Appearing onstage and delivering an acceptance speech at the inaugural Women in Motion awards at the Cannes Film Festival:
“This industry, our industry, is without doubt the most important cultural force in the world. It knows no boundaries. … It’s critical that women are at the heart of the international film industry, not just as glamorous icons but as creators, as artists, as decision makers, ensuring that the narrative — of not just half but 51% of the world’s population — is fully represented. We women we see things differently, we experience things differently, we express things differently, we just do. And if our stories, our truths are not respected on that big silver screen then the women in those dark theaters are going to risk feeling that they are not seen and that they don’t really matter that much. And the half of the world that is male will be robbed of half of reality.”
In an Esquire interview, Graham took a more “it is what it is” approach:
I’m not saying the movie business isn’t sexist. It’s totally sexist. If you look at all the movies being made these days, eighty percent of them are about men. There’s not much I can do about it. It’s a sexist world and a sexist industry. But I’ve been very lucky as an actress, to work as much as I have and as consistently as I have.”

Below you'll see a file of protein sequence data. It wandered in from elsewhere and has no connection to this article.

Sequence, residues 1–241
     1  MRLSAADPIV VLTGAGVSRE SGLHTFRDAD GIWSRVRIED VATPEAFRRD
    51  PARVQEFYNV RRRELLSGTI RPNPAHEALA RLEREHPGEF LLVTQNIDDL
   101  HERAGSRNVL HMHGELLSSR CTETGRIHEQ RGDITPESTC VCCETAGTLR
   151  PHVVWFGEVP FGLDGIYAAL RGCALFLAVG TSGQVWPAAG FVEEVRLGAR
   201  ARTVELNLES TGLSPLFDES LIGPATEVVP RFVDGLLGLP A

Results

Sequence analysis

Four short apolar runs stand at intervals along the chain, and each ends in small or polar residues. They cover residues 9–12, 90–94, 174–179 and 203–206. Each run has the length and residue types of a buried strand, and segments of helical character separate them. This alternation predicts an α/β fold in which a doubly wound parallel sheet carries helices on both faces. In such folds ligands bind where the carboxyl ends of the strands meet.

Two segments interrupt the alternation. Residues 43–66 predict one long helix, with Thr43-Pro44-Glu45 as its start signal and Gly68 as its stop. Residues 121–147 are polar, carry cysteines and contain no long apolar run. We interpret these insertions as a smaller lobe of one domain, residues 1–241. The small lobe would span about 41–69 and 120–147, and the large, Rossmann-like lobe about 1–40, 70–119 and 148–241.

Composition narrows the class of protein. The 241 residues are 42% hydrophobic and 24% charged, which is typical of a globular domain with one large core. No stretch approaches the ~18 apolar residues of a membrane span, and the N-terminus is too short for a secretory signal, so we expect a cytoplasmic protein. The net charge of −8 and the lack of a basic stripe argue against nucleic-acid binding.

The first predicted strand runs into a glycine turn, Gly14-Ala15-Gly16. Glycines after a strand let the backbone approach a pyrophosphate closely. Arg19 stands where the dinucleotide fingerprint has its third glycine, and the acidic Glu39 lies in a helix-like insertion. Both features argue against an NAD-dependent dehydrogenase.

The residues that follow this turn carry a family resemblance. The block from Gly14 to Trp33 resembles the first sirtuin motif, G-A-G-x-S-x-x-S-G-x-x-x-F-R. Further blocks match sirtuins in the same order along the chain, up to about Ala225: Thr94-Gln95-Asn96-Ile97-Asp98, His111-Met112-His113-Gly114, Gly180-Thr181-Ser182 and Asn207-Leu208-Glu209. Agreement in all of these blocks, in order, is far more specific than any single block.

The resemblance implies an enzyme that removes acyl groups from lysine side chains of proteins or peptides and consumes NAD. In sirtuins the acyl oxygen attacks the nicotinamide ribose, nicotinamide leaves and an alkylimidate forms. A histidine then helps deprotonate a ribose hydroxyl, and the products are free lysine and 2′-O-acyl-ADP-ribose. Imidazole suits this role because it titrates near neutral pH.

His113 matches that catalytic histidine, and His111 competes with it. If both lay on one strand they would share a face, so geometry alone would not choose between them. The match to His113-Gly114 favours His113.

At The Hollywood Reporter’s “Women in Motion” talks at the Cannes Film Festival:
“The only thing we can do is show them we are an economic force. Nothing else will move them. … The minute they see money, things will be instantaneously different. … Show them the money […] The movie is industry is in trouble because we [women] don’t care about their movies, and they’re trying to figure out why. What would happen if there was an open door, and somebody started doing movies that we want to see? … [The studio executives] think, ‘Chick flicks, romantic comedies. Guess what? We’re smarter than that […]Most of the big stars in their contracts have approval of their leading ladies. The fact that he gets a say in who he gets to kiss I find is very sexist. … And they do not like it when the female character is strong […] People say, ‘Wow, how is it working with a female director?’ I’m like, ‘What are you talking about? It’s like working with a person.’ [People ask,] ‘Is it like a female look at violence?’ I don’t even know what that means.”
Talking to The Los Angeles Times’ Hero Complex on the marketing (or lack thereof) for Black Widow in Age of Ultron:
“I see it as a vestigial remnant of this kind of sexist sort of mindset. It’s certainly nice that people are noticing and talking about it, whereas before it would just kind of be like, ‘Well, you know, it’s long pajamas and they’re for boys, so of course it’s all the guys on them.’ It’s a conversation that people are having — ‘Where’s all the girls? We want more. We want to see females in this genre who are not the stick in the mud or the damsel in distress or the girlfriend waiting by the window. We want to see characters who reflect the environment that we’re a part of.’”
In a cover page interview with Glamour magazine:
“All the films nominated [for a Best Picture Oscar] this year had male leads. Like, every single one. So I’m glad that [equality’s] feeling like a bigger issue now […]There’s [a film I’m considering] now where I have to wait for all the male roles to be cast before I can even become a part of the conversation. Part of me gets that. [But] part of me is like, ‘What the f—? You have to cast for females based on who’s cast as males?'”